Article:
Change The “Border Type” To “Solid”, Give It A “Width” Of 2px And Change The “Color”.
Click On Hover And Change The Text And Background Colors
Click On “Hover” And Change The “Text Color” And “Background Color”.

Add more information

You can add a title to the page, as well as some intro text to inform submitters what they can and can not do.

You can also change the form’s style to match your site.

There are many possibilities, and they’re all optional, of course.

Test the form

Whenever someone submits the form, two things should happen:

  • You must receive an email about it.
  • There must be a pending article in your WordPress back office.

Complete and submit

Let’s do it…

A Screenshot Showing The Form Input Before Submission
A Screenshot Showing The Form Input Before Submission.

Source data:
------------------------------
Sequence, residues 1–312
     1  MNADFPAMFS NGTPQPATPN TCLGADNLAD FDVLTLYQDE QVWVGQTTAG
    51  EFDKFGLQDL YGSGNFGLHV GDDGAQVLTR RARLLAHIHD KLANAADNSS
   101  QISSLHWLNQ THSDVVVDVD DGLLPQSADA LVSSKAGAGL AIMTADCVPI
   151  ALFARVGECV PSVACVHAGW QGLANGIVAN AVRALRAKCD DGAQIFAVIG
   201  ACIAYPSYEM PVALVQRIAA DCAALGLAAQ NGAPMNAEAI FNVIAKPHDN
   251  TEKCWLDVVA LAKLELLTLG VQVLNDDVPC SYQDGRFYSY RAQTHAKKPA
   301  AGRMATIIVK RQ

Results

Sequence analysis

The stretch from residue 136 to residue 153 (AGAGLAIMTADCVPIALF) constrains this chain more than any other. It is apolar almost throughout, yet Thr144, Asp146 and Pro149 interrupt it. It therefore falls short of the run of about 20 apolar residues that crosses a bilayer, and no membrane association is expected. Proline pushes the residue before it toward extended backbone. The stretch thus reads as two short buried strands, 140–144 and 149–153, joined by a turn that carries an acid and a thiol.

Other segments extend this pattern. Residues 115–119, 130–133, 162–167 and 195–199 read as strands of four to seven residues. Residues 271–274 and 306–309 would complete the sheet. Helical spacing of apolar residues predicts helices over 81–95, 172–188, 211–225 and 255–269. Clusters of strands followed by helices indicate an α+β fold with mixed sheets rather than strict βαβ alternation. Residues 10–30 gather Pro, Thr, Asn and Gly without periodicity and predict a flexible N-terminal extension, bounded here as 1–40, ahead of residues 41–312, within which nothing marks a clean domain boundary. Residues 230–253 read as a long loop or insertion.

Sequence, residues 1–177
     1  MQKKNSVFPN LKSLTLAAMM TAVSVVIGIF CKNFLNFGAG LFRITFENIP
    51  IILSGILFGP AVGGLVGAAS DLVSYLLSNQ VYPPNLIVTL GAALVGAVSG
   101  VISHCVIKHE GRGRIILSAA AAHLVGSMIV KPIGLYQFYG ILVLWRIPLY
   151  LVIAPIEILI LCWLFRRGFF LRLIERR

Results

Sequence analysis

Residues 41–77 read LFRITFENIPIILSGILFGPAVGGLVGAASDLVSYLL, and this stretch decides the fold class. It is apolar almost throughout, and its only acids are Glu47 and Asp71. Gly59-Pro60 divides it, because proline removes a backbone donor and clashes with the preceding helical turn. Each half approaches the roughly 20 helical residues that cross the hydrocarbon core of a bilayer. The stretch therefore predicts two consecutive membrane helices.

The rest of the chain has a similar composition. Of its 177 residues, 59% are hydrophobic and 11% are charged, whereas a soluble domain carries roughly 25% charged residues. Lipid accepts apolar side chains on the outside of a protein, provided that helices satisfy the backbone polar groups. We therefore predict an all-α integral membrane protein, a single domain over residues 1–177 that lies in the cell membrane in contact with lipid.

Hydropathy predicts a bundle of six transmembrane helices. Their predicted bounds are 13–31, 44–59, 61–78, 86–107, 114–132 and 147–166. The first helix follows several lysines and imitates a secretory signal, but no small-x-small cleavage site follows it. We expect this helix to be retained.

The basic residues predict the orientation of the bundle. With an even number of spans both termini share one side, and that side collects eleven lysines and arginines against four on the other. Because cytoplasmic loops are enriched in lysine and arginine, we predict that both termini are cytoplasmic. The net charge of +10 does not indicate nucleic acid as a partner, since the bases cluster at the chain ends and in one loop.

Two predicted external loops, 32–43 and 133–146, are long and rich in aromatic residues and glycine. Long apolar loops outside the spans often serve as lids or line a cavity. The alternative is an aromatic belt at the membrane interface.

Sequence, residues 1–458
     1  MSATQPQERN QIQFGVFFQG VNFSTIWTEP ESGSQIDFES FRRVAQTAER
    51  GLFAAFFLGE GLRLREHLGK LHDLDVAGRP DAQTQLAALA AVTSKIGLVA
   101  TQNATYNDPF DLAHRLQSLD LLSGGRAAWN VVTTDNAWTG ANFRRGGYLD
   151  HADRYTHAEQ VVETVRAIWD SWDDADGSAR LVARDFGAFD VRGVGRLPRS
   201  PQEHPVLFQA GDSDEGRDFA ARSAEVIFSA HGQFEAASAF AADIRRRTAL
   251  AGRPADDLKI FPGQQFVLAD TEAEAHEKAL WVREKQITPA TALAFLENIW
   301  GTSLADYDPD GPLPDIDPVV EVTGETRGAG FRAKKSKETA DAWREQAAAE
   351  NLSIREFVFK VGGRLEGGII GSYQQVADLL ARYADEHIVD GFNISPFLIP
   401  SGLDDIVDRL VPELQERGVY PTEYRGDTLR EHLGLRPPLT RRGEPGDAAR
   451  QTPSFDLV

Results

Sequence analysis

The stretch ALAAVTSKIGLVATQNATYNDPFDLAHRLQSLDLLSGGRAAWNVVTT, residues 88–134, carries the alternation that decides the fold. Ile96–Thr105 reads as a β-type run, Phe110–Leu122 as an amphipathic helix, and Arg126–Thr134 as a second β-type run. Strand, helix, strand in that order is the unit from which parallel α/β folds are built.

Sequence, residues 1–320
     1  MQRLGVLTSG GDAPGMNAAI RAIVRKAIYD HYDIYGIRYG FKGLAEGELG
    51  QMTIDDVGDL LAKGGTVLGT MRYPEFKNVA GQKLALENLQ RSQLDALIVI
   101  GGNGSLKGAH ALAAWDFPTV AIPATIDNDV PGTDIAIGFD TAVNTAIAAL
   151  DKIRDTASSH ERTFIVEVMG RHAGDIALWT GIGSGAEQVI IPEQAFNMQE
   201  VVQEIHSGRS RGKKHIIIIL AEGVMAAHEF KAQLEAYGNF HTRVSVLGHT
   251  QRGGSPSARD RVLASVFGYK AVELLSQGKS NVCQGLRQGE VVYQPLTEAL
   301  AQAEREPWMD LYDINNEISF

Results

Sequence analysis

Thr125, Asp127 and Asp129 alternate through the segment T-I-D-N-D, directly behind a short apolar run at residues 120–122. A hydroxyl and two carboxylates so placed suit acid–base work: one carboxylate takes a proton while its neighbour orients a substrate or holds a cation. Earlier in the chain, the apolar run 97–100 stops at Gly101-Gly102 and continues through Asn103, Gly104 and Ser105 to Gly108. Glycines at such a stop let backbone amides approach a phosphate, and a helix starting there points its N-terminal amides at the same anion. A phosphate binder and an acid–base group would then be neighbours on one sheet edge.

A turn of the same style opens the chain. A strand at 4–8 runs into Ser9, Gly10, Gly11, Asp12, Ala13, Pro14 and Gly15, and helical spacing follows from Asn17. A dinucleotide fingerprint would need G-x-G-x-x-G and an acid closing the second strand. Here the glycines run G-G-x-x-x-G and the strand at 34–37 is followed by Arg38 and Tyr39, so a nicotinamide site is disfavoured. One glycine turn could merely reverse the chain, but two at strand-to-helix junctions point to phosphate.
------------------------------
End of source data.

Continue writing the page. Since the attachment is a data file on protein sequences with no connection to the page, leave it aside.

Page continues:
When you click the button you’ll receive a success message or error message.

You could also add a redirect to the form, which is great for directing attention to an important issue or upselling the submitter once they’ve submitted the form.

Check the Posts section

Any post that’s been submitted via the form should be lying in wait in your WordPress back office’s Posts section.

Click On Posts In Your WordPress Back Office
Click On “Posts” In Your WordPress Back Office.
One Of The Test Post In The Back Office, Waiting To Be Checked I
One Of The Test Post In The Back Office, Waiting To Be Checked.

Check your email

You’ll also receive an email with the information that was submitted via the form.

Here’s a screenshot…

Screenshot Of Email Sent By Piotnet Form
Screenshot Of Email Sent By Piotnet Form.

Conclusion

Elementor gives you a powerful tool to build websites with and the Piotnet plugin adds serious kick to it.

It’s a great combo for getting WordPress front end submissions sorted.

I highly recommend it.